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Evaluation of splenectomy as a risk factor for gastric dilatation-volvulus

Andrew M. GrangeAngell Animal Medical Center, 350 S Huntington Ave, Boston, MA 02130.

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William CloughAngell Animal Medical Center, 350 S Huntington Ave, Boston, MA 02130.

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Sue A. CasaleAngell Animal Medical Center, 350 S Huntington Ave, Boston, MA 02130.

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Abstract

Objective—To evaluate whether dogs undergoing splenectomy had an increased risk of gastric dilatation-volvulus (GDV), compared with a control group of dogs undergoing enterotomy.

Design—Retrospective case-control study.

Animals—219 dogs that underwent splenectomy for reasons other than splenic torsion (splenectomy group; n = 172) or enterotomy (control group; 47) without concurrent gastropexy.

Procedures—Medical records were reviewed for information on signalment, date of surgery, durations of surgery and anesthesia, reason for splenectomy, histopathologic findings (if applicable), whether gastropexy was performed, duration of follow-up, and date of death (if applicable). Follow-up information, including occurrence of GDV, was obtained via medical records review and a written client questionnaire.

Results—Reasons for splenectomy included splenic neoplasia, nonneoplastic masses, infarction, traumatic injury, and adhesions to a gossypiboma. Incidence of GDV following surgery was not significantly different between dogs of the splenectomy (14/172 [8.1 %]) and control (3/47 [6.4%]) groups. Median time to GDV for the 17 affected dogs was 352 days (range, 12 to 2,368 days) after surgery. Among dogs that underwent splenectomy, sexually intact males had a significantly higher incidence of GDV (4/16) than did castrated males and sexually intact or spayed females (10/156). Incidence of GDV among sexually intact male dogs did not differ between groups.

Conclusions and Clinical Relevance—Results did not support a recommendation for routine use of prophylactic gastropexy in dogs at the time of splenectomy. Other patient-specific risk factors should be assessed prior to recommending this procedure.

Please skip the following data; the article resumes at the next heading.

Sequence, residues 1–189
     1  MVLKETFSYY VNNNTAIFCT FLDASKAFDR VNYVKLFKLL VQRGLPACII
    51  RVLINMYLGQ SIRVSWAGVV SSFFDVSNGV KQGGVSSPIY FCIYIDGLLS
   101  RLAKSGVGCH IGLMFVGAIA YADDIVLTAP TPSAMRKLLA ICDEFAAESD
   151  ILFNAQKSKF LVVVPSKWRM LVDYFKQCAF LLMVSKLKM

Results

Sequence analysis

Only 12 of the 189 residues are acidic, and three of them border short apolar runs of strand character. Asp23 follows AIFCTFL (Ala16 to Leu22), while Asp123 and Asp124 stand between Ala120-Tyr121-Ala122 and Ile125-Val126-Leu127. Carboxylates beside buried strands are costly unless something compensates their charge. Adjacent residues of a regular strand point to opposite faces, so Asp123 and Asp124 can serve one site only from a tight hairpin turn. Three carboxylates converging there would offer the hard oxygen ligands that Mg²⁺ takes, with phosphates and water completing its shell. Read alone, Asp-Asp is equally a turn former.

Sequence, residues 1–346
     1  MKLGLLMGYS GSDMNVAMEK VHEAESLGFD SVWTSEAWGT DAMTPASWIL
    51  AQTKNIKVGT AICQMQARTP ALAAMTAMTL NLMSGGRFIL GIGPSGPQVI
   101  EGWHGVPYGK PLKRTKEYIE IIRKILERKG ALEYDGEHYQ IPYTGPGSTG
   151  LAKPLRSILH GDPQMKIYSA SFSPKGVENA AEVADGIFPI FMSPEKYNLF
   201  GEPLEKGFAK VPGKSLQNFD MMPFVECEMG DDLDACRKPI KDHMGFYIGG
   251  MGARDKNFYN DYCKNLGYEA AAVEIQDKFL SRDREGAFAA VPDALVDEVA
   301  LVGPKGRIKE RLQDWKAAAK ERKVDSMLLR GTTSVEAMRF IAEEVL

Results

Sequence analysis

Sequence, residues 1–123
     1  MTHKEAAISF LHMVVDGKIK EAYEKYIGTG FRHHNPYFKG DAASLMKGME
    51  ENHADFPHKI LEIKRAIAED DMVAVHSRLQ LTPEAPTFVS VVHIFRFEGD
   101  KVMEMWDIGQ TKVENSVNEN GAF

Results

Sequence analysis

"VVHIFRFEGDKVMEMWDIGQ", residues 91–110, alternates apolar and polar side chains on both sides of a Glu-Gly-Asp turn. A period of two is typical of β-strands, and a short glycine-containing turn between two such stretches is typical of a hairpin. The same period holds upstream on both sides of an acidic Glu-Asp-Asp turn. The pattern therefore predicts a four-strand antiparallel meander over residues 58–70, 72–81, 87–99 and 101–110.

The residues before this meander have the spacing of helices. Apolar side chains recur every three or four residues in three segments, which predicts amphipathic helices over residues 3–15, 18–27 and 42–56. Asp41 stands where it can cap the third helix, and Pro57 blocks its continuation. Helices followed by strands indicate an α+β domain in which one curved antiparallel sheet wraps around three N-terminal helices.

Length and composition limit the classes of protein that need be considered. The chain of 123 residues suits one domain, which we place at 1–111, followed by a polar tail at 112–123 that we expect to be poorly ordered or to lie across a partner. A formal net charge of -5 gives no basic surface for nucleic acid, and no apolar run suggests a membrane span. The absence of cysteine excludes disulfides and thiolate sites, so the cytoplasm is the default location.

Abstract

Objective—To evaluate whether dogs undergoing splenectomy had an increased risk of gastric dilatation-volvulus (GDV), compared with a control group of dogs undergoing enterotomy.

Design—Retrospective case-control study.

Animals—219 dogs that underwent splenectomy for reasons other than splenic torsion (splenectomy group; n = 172) or enterotomy (control group; 47) without concurrent gastropexy.

Procedures—Medical records were reviewed for information on signalment, date of surgery, durations of surgery and anesthesia, reason for splenectomy, histopathologic findings (if applicable), whether gastropexy was performed, duration of follow-up, and date of death (if applicable). Follow-up information, including occurrence of GDV, was obtained via medical records review and a written client questionnaire.

Results—Reasons for splenectomy included splenic neoplasia, nonneoplastic masses, infarction, traumatic injury, and adhesions to a gossypiboma. Incidence of GDV following surgery was not significantly different between dogs of the splenectomy (14/172 [8.1 %]) and control (3/47 [6.4%]) groups. Median time to GDV for the 17 affected dogs was 352 days (range, 12 to 2,368 days) after surgery. Among dogs that underwent splenectomy, sexually intact males had a significantly higher incidence of GDV (4/16) than did castrated males and sexually intact or spayed females (10/156). Incidence of GDV among sexually intact male dogs did not differ between groups.

Conclusions and Clinical Relevance—Results did not support a recommendation for routine use of prophylactic gastropexy in dogs at the time of splenectomy. Other patient-specific risk factors should be assessed prior to recommending this procedure.

Contributor Notes

The authors thank Joseph Palmisano and Susan Ewing for assistance with the statistical analysis.

Address correspondence to Dr. Grange (agrange@angell.org).